The light-cure device was tested using a radiometer (Bluephase meter II, Ivoclar Vivadent, Schaan, Liechtenstein) to ensure that the light intensity was constant (1200 mW/cm2) throughout the experiment. All specimens were cured from all sides at a distance of 0.5 mm for 40 seconds. After the setting reaction, all specimens were polished using a medium-grit FlexiDisc (Cosmedent, USA) latched onto a contra-angle handpiece (COXO, China) at 25000 revolutions per minute (rpm). All samples were subsequently checked for crack, and if positive, were excluded from the study.
The samples were then stored in deionized water at 37°C with 95±5% humidity for 24 hours (Figure 5).

Figure 5. The incubator

The specimens made from each material (n=40) were then randomly assigned to two groups, one of which would undergo aging while the other was tested for compressive strength without any additional step. During the aging process, using a thermocycler (Dorsa apparatus, Tehran, Iran; Figure 6),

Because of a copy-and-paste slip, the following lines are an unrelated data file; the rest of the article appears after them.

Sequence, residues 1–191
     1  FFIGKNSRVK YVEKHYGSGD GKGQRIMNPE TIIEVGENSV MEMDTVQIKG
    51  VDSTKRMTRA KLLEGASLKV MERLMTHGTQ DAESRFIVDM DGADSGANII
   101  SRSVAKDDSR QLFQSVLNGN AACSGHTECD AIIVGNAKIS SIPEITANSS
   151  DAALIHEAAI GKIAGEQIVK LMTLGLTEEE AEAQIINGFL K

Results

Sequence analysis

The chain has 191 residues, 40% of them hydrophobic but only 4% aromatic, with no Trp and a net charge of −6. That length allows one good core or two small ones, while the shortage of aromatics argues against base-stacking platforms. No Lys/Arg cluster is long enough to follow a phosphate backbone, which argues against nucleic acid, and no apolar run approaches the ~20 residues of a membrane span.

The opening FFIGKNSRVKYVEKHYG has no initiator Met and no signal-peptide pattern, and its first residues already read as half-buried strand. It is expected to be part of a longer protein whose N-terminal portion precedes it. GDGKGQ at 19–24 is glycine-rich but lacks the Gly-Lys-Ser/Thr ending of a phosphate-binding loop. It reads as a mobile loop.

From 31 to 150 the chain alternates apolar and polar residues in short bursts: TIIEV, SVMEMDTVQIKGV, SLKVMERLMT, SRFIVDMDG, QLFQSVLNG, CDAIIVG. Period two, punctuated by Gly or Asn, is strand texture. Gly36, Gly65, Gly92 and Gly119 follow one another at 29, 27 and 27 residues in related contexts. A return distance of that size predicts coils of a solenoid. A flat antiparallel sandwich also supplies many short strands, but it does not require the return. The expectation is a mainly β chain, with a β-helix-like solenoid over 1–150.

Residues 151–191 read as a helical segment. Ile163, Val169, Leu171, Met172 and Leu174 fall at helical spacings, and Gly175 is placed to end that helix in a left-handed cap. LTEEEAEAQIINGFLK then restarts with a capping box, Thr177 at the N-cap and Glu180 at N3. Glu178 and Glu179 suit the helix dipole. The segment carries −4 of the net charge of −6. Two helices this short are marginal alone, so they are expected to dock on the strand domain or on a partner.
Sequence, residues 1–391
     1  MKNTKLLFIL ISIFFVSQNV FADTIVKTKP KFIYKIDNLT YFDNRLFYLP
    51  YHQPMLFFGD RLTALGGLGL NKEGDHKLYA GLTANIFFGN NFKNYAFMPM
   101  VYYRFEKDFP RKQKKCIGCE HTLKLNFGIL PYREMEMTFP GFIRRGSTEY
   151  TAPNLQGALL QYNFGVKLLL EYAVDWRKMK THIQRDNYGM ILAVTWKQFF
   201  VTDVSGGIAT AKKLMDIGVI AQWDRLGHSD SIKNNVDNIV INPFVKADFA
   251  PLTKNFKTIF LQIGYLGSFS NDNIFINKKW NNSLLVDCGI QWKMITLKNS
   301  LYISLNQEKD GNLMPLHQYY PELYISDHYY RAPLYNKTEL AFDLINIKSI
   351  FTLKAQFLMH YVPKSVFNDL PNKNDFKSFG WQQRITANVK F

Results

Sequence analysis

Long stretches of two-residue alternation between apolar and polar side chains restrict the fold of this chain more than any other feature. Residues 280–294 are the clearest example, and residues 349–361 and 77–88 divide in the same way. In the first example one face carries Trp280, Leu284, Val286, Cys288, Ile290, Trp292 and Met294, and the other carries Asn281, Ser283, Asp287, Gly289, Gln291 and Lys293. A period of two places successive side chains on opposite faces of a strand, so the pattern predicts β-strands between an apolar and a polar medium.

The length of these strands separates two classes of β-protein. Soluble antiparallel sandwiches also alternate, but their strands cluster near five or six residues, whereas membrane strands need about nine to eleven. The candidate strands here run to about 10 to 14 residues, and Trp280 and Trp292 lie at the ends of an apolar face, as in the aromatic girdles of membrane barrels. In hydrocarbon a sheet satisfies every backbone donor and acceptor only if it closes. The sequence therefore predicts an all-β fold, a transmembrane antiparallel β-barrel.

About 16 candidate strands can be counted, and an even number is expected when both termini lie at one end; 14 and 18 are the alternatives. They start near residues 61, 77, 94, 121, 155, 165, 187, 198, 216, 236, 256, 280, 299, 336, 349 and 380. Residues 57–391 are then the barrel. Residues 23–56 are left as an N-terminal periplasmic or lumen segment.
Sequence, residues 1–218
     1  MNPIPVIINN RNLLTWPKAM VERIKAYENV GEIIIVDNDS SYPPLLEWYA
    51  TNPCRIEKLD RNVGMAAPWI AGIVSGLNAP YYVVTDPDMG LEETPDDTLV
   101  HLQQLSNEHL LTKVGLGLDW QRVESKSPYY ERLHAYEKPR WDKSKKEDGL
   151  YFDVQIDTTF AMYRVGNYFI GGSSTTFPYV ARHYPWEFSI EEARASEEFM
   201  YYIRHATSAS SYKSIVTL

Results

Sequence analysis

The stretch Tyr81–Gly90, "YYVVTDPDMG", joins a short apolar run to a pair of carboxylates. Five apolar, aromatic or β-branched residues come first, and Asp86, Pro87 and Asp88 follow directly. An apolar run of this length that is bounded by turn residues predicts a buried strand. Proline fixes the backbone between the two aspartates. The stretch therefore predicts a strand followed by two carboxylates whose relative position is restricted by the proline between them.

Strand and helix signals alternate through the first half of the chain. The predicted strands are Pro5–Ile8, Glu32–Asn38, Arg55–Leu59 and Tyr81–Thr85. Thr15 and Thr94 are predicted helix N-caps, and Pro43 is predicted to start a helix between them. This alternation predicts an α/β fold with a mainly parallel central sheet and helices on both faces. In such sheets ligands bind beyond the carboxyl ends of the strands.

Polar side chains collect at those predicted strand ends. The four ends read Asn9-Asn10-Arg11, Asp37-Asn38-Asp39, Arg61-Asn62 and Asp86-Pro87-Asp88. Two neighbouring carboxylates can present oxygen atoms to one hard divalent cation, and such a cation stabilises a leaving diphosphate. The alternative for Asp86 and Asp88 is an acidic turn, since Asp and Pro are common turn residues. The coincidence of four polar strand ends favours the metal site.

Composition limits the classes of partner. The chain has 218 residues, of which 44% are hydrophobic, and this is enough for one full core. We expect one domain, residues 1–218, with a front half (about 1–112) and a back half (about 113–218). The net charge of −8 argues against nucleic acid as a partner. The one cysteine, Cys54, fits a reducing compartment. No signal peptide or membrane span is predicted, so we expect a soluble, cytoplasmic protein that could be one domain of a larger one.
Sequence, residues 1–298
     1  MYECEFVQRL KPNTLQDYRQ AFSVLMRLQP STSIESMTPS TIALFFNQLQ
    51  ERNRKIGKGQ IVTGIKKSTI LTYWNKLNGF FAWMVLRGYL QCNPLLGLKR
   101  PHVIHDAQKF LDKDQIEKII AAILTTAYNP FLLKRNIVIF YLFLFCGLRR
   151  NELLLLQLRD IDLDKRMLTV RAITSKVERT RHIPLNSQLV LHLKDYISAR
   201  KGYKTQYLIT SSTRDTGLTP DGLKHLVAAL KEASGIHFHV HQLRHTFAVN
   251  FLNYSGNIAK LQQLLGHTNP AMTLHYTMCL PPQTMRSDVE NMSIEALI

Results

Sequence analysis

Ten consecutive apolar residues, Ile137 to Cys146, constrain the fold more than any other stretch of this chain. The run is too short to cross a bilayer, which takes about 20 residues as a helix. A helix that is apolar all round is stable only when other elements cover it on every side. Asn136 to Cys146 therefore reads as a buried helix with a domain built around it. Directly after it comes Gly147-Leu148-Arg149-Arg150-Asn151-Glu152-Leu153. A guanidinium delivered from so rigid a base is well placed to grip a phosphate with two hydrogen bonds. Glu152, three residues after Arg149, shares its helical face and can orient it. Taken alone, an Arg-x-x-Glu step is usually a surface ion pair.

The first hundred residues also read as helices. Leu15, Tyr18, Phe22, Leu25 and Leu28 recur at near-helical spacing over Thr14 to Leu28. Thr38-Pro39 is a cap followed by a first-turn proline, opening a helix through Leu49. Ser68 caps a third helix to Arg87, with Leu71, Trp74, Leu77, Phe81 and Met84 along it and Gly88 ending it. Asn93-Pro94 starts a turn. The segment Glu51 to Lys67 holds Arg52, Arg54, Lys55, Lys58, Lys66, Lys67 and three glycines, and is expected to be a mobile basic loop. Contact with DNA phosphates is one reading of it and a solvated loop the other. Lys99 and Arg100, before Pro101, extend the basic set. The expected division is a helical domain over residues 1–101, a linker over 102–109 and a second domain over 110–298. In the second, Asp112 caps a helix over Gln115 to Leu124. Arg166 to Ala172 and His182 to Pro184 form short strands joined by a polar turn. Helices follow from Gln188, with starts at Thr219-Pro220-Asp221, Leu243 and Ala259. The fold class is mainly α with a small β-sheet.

Figure 6. Termocycling machine (Dorsa, Tehran, Iran)

the samples were alternatively immersed in water baths of 5°C and 55°C. The dwell time in each water bath was 15 seconds with a transfer time of 10 seconds for 1000 cycles.
All Specimens were then loaded and tested either after 24-hour water storage or after thermocycling, depending on their respective groups, using a universal testing machine (Santam 20, Tehran, Iran) at a crosshead speed of 1 mm/minute (Figures 7 to 9).

Figure 7. Santam-20 universal testing machine 
Figure 8. A specimen in the universal testing machine
Figure 9. A fractured sample

Statistical analysis was performed using one-way analysis of variance (ANOVA) followed by Tukey’s test for intergroup analysis.


The mean and standard deviation (SD) of compressive strength (MPa) and their corresponding P-values are listed in Table 2.